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The pandemic and recent wildfires have brought into sharp focus the importance of preserving and protecting undeveloped South Bay lands. Visitors doubled at Santa Clara Valley Open Space Authority preserves following the onset of the coronavirus until smoke forced people back into their homes.
Now that the skies are clearing again, Santa Clara County voters should explore the authority lands before marking their ballots on Measure T, which would make permanent the authority’s $24 parcel tax overwhelmingly passed by voters in 2014.
Then voters should approve Measure T The tax revenues would provide two-thirds of the authority’s budget and allow it to continue creating and maintaining open space preserves, manage its land and water to reduce wildfires and floods, and protect the land around creeks to prevent pollution and improve water quality.
Look at the authority’s past actions for examples of what the future might hold if the tax is made permanent. The authority played a significant role last November in the successful effort to purchase 937 acres needed to preserve Coyote Valley. The value of controlling the strategic section of land becomes more obvious every day. The beautiful corridor running down the western edge of Highway 101 between San Jose and Morgan Hill offers an escape destination for residents and provides a bridge for wildlife crossing from the Diablo Range to the Santa Cruz Mountains.
Our one reservation about Measure T is it includes no sunset clause that would provide accountability and protect voters from potential abuses of their tax dollars.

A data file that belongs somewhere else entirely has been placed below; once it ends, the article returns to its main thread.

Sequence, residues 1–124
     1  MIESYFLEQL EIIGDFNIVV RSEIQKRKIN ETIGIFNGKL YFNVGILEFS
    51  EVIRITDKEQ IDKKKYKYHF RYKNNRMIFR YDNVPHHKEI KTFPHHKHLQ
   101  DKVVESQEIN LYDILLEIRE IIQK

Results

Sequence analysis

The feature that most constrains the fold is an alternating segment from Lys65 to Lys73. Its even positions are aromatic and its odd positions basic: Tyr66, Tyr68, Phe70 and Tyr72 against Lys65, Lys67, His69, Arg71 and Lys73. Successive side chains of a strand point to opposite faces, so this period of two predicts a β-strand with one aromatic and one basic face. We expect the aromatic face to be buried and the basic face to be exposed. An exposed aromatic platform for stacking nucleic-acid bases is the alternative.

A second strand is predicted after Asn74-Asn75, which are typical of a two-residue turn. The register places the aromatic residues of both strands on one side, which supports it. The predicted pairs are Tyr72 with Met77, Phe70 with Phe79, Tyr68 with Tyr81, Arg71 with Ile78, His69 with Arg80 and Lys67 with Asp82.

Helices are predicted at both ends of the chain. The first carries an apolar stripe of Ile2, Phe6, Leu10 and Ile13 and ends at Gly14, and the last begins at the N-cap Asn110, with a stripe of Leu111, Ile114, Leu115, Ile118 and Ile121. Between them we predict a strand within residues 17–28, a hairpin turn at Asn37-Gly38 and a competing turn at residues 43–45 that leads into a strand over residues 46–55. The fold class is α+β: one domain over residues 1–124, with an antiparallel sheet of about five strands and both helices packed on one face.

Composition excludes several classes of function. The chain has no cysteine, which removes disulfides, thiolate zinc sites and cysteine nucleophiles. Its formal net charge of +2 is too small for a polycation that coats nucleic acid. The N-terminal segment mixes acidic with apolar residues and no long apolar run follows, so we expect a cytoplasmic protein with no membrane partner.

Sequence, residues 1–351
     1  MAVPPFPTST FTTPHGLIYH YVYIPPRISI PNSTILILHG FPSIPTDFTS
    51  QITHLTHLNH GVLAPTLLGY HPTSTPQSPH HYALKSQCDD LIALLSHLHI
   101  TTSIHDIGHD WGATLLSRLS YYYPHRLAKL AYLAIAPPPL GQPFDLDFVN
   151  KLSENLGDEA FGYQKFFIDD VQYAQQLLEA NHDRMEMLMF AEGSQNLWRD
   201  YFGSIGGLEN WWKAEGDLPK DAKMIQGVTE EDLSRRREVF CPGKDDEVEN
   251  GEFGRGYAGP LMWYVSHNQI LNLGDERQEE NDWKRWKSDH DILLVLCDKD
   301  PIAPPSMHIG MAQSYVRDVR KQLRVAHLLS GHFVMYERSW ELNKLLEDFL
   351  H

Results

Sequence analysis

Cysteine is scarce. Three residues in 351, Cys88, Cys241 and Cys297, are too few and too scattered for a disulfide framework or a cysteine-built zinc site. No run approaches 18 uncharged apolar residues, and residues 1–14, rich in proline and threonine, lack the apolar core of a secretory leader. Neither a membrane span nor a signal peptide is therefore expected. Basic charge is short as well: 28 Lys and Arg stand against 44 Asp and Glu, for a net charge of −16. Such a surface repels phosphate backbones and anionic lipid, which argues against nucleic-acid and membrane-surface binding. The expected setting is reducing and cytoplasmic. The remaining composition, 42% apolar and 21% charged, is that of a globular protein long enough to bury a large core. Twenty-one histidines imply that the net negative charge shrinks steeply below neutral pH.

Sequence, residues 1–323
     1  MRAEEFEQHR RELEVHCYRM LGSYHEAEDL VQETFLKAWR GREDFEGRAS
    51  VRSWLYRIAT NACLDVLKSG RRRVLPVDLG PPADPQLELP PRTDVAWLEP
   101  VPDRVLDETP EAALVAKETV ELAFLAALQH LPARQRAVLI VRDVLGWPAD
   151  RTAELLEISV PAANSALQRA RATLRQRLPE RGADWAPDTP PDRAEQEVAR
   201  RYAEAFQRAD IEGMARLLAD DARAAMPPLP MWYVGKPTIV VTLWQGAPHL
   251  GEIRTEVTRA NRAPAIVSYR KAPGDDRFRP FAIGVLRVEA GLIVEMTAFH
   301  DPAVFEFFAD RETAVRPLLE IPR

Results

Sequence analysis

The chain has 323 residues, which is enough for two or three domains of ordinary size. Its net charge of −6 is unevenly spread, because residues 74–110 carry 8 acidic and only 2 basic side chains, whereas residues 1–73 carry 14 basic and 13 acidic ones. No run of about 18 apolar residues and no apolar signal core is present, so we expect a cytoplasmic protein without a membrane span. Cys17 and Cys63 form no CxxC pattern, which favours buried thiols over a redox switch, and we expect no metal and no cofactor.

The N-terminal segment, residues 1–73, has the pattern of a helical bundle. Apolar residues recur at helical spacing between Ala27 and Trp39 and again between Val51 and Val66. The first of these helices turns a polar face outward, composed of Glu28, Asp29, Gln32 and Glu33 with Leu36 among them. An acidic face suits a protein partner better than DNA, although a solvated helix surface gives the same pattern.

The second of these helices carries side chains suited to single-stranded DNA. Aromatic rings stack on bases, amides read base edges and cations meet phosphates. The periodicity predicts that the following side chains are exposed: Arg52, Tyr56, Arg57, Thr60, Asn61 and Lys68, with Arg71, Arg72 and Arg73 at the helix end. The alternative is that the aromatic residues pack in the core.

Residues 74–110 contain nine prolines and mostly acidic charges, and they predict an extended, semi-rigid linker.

The authority was created in 1994 and, by 2014, when Measure Q passed, it was responsible for managing 16,000 acres of protected open space. That number has grown to 26,000 acres today, including hillsides, wildlife habitat, farmland and watersheds.The authority also showed leadership in helping the county complete its agricultural land plan, designed to prevent further loss of farm land.
Under General Manager Andrea McKenzie’s leadership, the authority has balanced the desire to preserve additional land with the need to maintain and build on existing property. Some of the priorities for the authority, if Measure T passes, include:
• Preserving an additional 4,000 acres of land and opening 30 miles of trails.
• Realizing the vision for Coyote Valley, establishing trails and protecting against potential flooding and polluting of creeks.
• Opening a new staging area at Coyote Ridge Open Space Preserve.
• Expanding access at Rancho Canada del Oro Open Space Preserve.
The only formal opposition to Measure T comes from the Silicon Valley Taxpayers Association.
Measure T makes permanent Santa Clara County voters’ investment in preserving and protecting open space. Vote yes on the Nov. 3 ballot.
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Source:: The Mercury News – Entertainment